As a learner of Mandarin as a second-language, I would end up being able to express myself equally as well as an average user of Mandarin with the exception that I also have the higher-order thinking and confidence carried over from my standing as a speaker of English, a skill the average user of Mandarin may not have.

I can see already how my Du-Zhong or Chinese-school students will end up having an advantage over Singaporeans just like how the Chinese in China will have that same advantage. Demographics and size do matter. 30% of Malaysians or 1% of Chinese who can read, write and think at my level can outnumber the entire nation state, rendering their competitive edge in English from premium to nothing. Second, educated Malaysians who speak and write good English are Chinese or Malay who can read, write and speak better in Mandarin OR Bahasa which makes them more effective as professionals.

What this means is that, if Singaporeans limit their use of language by comparing themselves to the lower denominations of neighboring countries, they are shortchanging themselves. An average Singaporean university graduate compares themselves to the average Malaysian or Chinese or Vietnamese instead of the average, EDUCATED, MIDDLE-CLASS, URBAN Malaysian, Chinese or Vietnamese. Singaporeans take their middle-class living, standard of education and their urban status for granted and so compare themselves to their neighbors in general, neighbors who struggle with geography and other variables to try and make all things equal.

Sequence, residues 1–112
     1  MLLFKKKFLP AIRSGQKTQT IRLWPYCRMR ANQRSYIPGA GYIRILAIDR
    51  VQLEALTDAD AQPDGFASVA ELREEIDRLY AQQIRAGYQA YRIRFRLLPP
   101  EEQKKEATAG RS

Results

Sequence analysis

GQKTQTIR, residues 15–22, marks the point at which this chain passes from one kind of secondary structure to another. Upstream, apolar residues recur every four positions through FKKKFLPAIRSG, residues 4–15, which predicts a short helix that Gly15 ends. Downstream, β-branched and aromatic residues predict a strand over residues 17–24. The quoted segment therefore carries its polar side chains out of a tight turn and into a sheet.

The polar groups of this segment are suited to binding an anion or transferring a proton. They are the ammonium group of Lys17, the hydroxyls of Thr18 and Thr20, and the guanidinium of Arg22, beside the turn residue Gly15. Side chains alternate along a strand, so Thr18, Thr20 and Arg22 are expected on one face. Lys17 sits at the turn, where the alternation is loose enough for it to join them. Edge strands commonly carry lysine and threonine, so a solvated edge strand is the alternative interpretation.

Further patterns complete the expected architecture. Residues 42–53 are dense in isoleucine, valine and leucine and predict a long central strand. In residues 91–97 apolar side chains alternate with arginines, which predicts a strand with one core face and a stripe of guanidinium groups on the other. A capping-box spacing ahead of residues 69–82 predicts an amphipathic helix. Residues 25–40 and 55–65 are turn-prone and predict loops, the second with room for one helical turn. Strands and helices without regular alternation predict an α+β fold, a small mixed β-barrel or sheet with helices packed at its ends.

If Singaporeans were to take a step back for a moment and compare apple to apple, say…..a person coming from an EDUCATED, MIDDLE-CLASS, URBAN family in Bangsar or Subang Jaya instead of one from Melaka or Johor, they would start to worry.

This isn’t a Singapore-bashing post, it’s an empathetic post about the crossroads that nation city is in. If you’ve not noticed, there’s a funny trend happening in our evolution in this 21st century : Trends switch every 3-5 years, not every few decades. Every 3-5 years a nation that is ready can leapfrog on the next trend and ride it, rendering decades or centuries of backwardness insignificant.

The same is happening on a personal level. It used to be true that it takes decades to accumulate great amounts of wealth but that is not true anymore. A person who is emotionally, spiritually and mentally (cognitive knowledge wise) ready can become a millionaire in under a year. A person can heal from a painful death or a divorce in very little time as well. Of course it is a much simpler level on a personal level than it is on a state level but it is hardly impossible that a nation can quietly prepare itself and then skyrocket to great heights by timing their ascension.

The only variable deciding whether or not an individual or a state can leapfrog is the level of awareness and understanding of the matter that acts as a scaffolding. In order to stay ahead, Singapore’s only hope is that Malaysia and other neighboring countries stay unaware and confused, giving them some space to plan their leap ahead. However, should Malaysia or any neighboring country time their ascension simultaneously, the competitive edge would be over.

Singapore has a lot going for them but they’re in a harder spot because of what their economic fundamentals are built on. Malaysia can get away with not being first class in everything, (not saying that like it’s a good thing) but Singapore can’t. Their economy would collapse overnight if they lived the way I do in Penang.

There’s nothing wrong with broken English as long as you’re not planning your economic activities around it. But people like my students, are. That is why they are very cautious over how they are going to model language and acquire learning. They are not taking anything for granted. They are working equally as hard on their Mandarin as they are in their Bahasa and their English.


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Filed under Danger School, ESL in Asia